Bull Fight, Osuna , Spain
We were in Spain a little too early for the bullfighting season, which was fine with me, but Craig was keen to see some men in tight pants (I don’t judge.) In Seville, we saw some posters advertising a pre-season event to debut some new matadors in nearby Osuna, so we decided to make a day of it.
Osuna is a small town and as it was Sunday afternoon, there wasn’t much open except for restaurants. Fortunately, we were just in the mood for some lunch before the main event. It seemed like everyone in town had exactly the same thought at the same time we did, so it took us a while to find a restaurant with a free table. The fourth (or fifth) one was the charm and we were able to order without too much difficulty. After enjoying some cheese (of course) and prawns (for a change of pace), we headed back down the road to the bull ring.
By this time, a crowd had gathered and people were starting to trickle in to the arena. It was pretty chilly that day, so we scoped out a spot in the sun and got comfortable. Craig had been to a few bull fights before and knew to buy cushions at the gate. The arena was a stone amphitheater with no space between rows, so by the time the event started, people were trying not to sit on anyone’s feet. I would like to think that larger arenas were built with slightly more forethought… Anyway, it wasn’t that the place was full, but one section was sunny but without a glare, so 90% of the spectators were occupying about 20% of the stands. Eventually, we moved a bit further around and our feet were unmolested for the duration.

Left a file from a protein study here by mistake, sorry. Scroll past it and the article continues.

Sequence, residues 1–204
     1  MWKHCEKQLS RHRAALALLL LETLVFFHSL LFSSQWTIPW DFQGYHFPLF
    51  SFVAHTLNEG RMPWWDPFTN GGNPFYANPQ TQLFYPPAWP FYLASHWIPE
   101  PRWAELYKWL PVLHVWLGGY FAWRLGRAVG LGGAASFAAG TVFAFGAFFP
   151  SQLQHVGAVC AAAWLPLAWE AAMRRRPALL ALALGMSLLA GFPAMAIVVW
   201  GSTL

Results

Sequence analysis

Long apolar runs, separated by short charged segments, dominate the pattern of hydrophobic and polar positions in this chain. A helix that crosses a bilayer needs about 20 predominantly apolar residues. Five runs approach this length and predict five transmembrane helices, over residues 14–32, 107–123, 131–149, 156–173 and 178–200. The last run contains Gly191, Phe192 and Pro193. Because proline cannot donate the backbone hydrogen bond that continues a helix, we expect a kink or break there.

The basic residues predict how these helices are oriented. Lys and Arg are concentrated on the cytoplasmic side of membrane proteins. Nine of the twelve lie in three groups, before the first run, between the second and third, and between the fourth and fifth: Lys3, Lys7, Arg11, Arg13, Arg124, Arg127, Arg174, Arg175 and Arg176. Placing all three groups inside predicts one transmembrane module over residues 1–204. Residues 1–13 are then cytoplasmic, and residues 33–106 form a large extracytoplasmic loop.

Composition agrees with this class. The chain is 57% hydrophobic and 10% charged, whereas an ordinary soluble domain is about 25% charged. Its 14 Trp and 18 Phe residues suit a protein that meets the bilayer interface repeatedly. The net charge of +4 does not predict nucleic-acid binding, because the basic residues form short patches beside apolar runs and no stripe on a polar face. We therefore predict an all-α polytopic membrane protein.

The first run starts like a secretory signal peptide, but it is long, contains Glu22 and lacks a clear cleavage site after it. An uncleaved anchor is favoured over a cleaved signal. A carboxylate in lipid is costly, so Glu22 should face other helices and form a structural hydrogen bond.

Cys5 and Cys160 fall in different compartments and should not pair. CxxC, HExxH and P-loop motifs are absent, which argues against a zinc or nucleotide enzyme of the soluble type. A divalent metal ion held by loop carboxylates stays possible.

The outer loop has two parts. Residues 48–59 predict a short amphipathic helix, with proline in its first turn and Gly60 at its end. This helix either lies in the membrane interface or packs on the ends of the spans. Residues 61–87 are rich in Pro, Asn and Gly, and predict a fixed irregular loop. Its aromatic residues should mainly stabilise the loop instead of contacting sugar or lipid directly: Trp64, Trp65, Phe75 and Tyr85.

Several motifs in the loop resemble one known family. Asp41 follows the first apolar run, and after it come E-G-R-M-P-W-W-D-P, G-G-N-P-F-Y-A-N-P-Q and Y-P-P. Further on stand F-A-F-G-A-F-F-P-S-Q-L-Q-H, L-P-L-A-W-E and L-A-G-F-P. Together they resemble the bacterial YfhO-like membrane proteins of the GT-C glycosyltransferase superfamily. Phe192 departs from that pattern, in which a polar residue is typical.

Craig had tried to prepare me before we went, but my prior knowledge of bull fights was pretty much limited to men in tight spandex waving a red flag at a bull and stabbing with a spear at the end. I wasn’t too keen on the stabbing part, but I didn’t think it would be too bad. I mean, people take their kids to these things. It’s a national sport, how gory could it be?
Um, pretty freaking gory, as it turns out. And the sweet, innocent children? The “lucky” ones were beside themselves to be presented with an ear freshly hacked off a bull. No, really. I spent a large portion of the event with my eyes averted, unable to believe what was actually going on in front of me. It’s not that I don’t eat meat, or that I think cows in slaughter houses are tickled to death with feathers, but bull fighting seems particularly brutal, with a man on horseback stabbing the bull in the back to weaken it from the get-go, followed by three pairs of spears being driven into its back before the matador does his strutting around the ring taunting the bull with the cape. In the end, he stabs the bull in the back of the neck and a finisher cuts its spinal cord with a short knife.
There were six fights and four of them went according to that plan. In one of the later fights, the finisher stepped in too quickly and thought he was done too quickly as well. The bull rose three times, gushing blood and in obvious pain. All the while, the matador just looked angry, because the bull had gone down too fast for him to make a big show of besting him. In the other fight, the matador didn’t get a clean stab with his sword, so he had to pull it out and try again, prolonging the animal’s suffering.
I can appreciate that it is a national sport, and an important part of Spanish culture and heritage, but I won’t be going back. To me, it seemed like a brutal, one-sided event in which the bull didn’t have a fighting chance. Honestly, I felt a little dirty even being there. And the little kids screaming with excitement after being presented with an ear (cut off to honor the matador for a good show) was beyond the pale. IMHO